Cops: ‘We are looking for a KISS fan’

Vandals draw KISS masks on Madonna and child statue
Photo by Stefano Giovannini

Police are searching for a man — possibly a KISS-masked man — who defaced two religious statues outside a Williamsburg church to make them resemble 1970s rockers Gene Simmons and Paul Stanley.

Detectives are trying to track down the person who scribbled KISS makeup on a sculpture of the Madonna and child and knocked over another figurine at Our Lady of Mount Carmel Church on overnight on Tuesday — and they are working off of one major clue.

“We are looking for a KISS fan,” said Deputy Inspector Terence Hurson, the comanding officer of the 94th Precinct.

Other than the culprit’s familiarity with KISS, Hurson said his cops have no leads.

Pastor Joseph Calise told The Brooklyn Paper yesterday that many people have offered to pay for the repairs, and referred all questions to the Roman Catholic Diocese of Brooklyn.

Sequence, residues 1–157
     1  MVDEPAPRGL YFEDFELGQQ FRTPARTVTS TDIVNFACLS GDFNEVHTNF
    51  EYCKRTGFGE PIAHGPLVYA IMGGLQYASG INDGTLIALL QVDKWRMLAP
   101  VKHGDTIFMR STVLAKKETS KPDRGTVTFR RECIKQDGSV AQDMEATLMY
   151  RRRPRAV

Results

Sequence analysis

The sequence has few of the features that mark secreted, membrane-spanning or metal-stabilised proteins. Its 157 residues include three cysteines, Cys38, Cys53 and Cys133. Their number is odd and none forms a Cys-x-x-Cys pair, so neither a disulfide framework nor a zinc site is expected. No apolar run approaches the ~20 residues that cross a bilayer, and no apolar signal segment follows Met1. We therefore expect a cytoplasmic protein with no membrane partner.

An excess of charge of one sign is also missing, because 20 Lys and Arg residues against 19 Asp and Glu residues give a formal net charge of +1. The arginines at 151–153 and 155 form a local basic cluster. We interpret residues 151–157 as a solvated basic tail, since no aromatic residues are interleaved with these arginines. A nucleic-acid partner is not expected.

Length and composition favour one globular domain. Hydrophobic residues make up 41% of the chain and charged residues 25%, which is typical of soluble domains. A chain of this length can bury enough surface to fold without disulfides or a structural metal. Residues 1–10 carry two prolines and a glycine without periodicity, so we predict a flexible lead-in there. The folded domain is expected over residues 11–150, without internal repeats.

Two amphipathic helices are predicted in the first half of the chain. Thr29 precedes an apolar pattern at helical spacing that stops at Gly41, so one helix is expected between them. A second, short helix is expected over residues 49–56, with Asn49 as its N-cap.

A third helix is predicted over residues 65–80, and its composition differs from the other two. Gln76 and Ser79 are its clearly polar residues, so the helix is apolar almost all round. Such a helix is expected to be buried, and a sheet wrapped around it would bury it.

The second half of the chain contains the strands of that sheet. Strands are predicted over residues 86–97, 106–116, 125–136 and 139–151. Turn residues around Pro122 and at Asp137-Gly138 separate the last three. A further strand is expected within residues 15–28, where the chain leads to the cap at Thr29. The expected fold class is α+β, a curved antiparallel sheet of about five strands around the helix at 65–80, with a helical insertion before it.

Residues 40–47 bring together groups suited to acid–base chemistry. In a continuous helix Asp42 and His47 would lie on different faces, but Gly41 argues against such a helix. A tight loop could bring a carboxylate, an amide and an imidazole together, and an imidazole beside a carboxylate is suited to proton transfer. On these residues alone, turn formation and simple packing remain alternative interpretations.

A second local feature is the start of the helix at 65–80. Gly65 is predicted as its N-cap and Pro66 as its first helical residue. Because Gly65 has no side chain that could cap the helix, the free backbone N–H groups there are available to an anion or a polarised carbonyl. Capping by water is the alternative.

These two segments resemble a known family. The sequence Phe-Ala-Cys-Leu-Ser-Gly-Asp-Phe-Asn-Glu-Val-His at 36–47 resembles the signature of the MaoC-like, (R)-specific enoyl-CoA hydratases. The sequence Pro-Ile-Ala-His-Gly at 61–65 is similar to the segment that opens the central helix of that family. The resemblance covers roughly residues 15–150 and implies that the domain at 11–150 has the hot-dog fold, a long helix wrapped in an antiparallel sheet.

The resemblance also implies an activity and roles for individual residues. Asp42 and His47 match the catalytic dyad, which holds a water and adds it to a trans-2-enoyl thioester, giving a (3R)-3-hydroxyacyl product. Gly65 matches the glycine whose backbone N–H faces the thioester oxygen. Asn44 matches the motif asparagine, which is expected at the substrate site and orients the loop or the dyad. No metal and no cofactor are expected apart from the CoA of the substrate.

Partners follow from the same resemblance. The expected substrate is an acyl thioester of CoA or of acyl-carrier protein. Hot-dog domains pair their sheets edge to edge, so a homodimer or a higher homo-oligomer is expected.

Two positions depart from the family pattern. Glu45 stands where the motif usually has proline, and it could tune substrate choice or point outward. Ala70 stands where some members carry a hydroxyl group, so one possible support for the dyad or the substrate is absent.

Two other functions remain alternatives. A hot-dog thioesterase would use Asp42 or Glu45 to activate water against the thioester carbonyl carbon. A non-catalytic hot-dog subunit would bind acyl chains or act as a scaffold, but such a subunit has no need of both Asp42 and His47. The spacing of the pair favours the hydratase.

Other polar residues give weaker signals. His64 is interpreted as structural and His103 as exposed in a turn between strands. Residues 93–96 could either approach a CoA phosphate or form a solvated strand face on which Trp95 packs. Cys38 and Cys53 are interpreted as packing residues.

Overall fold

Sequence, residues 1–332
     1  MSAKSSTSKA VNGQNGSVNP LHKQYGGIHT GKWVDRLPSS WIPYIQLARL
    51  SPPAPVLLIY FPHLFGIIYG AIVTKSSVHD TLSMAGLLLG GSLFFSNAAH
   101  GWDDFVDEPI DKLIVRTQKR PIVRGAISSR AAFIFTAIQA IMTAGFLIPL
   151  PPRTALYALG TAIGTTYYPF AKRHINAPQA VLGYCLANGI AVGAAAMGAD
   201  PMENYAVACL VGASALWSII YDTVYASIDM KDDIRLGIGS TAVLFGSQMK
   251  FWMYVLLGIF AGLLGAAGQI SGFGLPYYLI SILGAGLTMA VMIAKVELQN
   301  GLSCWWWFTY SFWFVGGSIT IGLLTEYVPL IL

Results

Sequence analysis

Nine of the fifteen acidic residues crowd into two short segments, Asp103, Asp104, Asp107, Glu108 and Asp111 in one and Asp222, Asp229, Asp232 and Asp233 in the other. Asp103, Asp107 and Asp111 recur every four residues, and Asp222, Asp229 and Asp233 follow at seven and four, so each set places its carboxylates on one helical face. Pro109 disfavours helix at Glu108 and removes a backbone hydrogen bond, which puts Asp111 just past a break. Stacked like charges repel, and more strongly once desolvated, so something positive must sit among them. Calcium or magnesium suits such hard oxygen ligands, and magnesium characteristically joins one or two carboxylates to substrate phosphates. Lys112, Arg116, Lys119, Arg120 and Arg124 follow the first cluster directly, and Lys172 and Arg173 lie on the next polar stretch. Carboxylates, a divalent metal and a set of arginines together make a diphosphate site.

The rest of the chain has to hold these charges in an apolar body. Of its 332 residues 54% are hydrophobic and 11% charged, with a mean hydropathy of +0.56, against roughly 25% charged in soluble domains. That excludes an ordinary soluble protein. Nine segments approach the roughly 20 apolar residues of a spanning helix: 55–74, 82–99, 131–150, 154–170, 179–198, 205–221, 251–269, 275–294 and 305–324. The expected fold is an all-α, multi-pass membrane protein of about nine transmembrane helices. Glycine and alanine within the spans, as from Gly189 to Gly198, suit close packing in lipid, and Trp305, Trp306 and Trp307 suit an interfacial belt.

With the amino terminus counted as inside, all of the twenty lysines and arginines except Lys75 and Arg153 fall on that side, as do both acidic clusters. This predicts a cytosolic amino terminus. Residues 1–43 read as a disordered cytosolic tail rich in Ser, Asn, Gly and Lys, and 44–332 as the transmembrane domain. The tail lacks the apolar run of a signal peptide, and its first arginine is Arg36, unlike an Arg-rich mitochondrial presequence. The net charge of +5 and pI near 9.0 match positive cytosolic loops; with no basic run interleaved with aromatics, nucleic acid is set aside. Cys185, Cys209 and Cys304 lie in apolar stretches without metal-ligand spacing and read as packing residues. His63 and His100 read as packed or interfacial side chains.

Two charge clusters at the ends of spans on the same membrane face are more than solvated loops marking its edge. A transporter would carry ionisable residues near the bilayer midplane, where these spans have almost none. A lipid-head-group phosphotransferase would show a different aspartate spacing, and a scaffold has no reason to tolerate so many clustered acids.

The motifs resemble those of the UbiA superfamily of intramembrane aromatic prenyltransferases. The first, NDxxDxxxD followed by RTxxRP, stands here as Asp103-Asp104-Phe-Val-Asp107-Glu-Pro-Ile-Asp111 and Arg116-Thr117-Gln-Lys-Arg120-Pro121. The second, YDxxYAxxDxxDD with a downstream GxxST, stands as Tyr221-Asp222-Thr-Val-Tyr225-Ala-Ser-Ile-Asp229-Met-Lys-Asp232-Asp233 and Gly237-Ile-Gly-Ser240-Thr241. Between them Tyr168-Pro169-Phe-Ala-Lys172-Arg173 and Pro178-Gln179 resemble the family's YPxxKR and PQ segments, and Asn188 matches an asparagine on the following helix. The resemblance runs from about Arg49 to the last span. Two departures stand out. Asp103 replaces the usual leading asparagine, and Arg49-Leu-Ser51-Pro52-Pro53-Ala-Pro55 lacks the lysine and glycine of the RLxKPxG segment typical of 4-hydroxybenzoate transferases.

The vandalism outraged parishioners and community leaders, including Assemblyman Joe Lentol (D–Williamsburg), who regularly worships at the Havemeyer Street church and described the destruction of sacred property as “malicious mischief.”

Councilman and sometimes bassist Steve Levin (D–Williamsburg) acknowledged that he prays at the temple of rock and roll, but said he could not condone defiling any house of worship.

“I have no kind words for whoever did this — they are in very serious trouble if they get caught,” said Levin. “They do a real disservice to rock and roll.”

A spokesperson for Simmons, the KISS bassist, did not return calls for comment. Before he donned his KISS makeup, the rocker attended Jewish religious school in Williamsburg at Yeshiva Torah Vodaas, which later moved to Kensington.

The graffiti seems to be inspired by masks worn by KISS members Gene Simmons and Paul Stanley.
Photo courtesy of KISS Facebook

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